<blockquote><font size="1" face="Verdana, Helvetica, sans-serif">quote:<hr /><font size="1" face="Verdana, Helvetica, sans-serif">Originally posted by Pascs:
<strong>I assumed that when I have just spent approximately £80 on a set of brake pads that I'm not going to get pads designed for going to the shops.
I drive hard but not that hard - the standard Alfa pads were significantly better than the Red Dot pads.
Maybe they needed a different method for bedding in or something. But when I'm fast approaching the back end of a pickup truck and the pads are not working I can't say I feel like trusting them again. And judging by some of the comments made on this site I’m not the only one.
If I can find the receipt for the pads then I can check the type since there are no markings on the pad themselves. I haven’t actually thrown the pads in the bin its just an expression but once I get my new pads I can’t see the point to keep them – I certainly don’t intend to use them.</strong><hr /></blockquote><font size="1" face="Verdana, Helvetica, sans-serif">Dear Pascs,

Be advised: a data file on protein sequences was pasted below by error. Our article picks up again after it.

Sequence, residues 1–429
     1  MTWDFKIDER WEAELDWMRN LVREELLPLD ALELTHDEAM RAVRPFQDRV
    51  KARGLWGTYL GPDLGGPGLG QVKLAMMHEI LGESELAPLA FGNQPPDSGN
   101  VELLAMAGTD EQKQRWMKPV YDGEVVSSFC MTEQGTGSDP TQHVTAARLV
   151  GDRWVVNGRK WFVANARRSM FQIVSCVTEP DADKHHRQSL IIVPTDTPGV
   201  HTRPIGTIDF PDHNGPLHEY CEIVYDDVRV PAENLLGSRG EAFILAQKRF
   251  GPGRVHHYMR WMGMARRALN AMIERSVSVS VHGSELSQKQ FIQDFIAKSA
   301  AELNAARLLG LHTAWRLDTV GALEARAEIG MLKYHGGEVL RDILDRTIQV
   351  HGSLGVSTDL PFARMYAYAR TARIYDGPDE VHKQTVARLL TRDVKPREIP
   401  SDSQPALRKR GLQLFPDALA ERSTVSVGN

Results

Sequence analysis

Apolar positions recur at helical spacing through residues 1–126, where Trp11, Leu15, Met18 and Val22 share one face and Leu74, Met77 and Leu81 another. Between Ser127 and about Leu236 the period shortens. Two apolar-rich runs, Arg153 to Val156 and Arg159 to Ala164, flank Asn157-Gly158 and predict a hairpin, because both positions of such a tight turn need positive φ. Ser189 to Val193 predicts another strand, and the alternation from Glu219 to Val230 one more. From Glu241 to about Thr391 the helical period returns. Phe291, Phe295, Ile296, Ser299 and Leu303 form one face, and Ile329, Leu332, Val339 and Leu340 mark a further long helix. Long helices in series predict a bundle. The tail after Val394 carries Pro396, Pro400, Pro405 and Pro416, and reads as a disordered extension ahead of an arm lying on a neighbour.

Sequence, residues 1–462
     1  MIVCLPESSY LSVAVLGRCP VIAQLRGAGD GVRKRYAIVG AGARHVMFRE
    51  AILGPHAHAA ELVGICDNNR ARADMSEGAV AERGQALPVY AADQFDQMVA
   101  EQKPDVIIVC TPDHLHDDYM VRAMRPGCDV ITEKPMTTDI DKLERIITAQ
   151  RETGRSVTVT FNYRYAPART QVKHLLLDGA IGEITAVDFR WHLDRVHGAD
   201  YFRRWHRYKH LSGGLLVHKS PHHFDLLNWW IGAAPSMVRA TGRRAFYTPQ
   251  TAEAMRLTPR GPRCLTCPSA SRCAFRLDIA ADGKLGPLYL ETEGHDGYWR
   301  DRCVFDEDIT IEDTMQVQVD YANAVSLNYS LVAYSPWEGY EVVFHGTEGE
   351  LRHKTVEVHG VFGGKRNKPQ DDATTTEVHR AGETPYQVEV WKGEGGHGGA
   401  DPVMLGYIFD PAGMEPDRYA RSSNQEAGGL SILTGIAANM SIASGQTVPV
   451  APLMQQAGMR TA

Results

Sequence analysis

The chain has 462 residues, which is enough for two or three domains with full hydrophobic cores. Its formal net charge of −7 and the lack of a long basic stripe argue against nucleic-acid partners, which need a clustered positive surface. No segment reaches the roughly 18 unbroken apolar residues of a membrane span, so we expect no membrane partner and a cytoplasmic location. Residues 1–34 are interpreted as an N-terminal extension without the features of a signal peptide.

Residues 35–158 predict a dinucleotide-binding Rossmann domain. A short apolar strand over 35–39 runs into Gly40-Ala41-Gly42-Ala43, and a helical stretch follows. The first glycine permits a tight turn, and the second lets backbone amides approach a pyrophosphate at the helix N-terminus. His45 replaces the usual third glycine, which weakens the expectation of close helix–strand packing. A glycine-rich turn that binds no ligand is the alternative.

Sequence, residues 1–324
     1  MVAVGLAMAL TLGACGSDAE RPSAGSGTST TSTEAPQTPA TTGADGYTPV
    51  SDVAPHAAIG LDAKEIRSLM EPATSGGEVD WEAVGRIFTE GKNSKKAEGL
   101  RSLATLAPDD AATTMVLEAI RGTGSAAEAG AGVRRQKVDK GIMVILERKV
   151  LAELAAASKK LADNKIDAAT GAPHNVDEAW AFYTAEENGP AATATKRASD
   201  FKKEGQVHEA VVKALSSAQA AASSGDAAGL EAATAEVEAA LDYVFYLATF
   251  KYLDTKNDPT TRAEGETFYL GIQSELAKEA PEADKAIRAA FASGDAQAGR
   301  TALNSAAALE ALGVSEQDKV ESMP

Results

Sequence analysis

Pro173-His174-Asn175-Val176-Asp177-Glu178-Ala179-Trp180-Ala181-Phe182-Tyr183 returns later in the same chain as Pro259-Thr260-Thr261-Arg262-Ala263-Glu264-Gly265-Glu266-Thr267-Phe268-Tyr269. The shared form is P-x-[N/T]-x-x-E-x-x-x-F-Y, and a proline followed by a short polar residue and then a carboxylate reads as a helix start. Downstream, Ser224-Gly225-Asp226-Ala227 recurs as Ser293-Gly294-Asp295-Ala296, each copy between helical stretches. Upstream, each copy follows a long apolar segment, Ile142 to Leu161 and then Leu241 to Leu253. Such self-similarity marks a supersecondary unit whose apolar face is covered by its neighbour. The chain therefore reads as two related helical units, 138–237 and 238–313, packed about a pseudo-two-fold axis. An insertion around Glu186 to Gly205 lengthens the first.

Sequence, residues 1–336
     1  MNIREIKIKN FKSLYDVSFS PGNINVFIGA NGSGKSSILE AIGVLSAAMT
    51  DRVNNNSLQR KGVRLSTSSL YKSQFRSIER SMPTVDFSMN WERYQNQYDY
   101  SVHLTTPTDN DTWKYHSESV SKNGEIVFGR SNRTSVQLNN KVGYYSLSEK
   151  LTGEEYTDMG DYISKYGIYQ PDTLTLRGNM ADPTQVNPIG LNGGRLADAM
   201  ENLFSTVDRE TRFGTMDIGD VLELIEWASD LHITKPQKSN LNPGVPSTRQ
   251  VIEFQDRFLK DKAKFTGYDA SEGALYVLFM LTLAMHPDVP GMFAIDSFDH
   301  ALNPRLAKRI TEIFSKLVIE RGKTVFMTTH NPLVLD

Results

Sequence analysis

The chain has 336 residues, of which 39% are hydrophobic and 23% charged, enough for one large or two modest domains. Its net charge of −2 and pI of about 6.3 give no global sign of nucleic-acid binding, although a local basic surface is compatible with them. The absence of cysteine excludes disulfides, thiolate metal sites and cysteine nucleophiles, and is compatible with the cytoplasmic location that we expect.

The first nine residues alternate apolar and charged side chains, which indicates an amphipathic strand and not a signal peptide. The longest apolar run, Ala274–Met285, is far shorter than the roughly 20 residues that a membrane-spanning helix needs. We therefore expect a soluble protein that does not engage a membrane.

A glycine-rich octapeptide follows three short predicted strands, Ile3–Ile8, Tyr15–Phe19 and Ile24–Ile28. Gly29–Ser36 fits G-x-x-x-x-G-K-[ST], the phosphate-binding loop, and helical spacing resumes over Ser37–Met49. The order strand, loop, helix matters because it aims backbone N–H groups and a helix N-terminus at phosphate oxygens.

Thanks for the information. We are highly concerned about the fact that all Red Dot brake pads are clearly marked on the backing plate with: Reference number, Mix number, tracebility and Homologation number and off course the Red Dot Logo. If, as you stated, no markings appeared on the brake pads, I am enclined to believe that you havent been supplied 'original' Red Dot pads.
Would it be possible for you to let us know where and when you have originally purchased them??
Your help in making this matter to land would be most appreciated.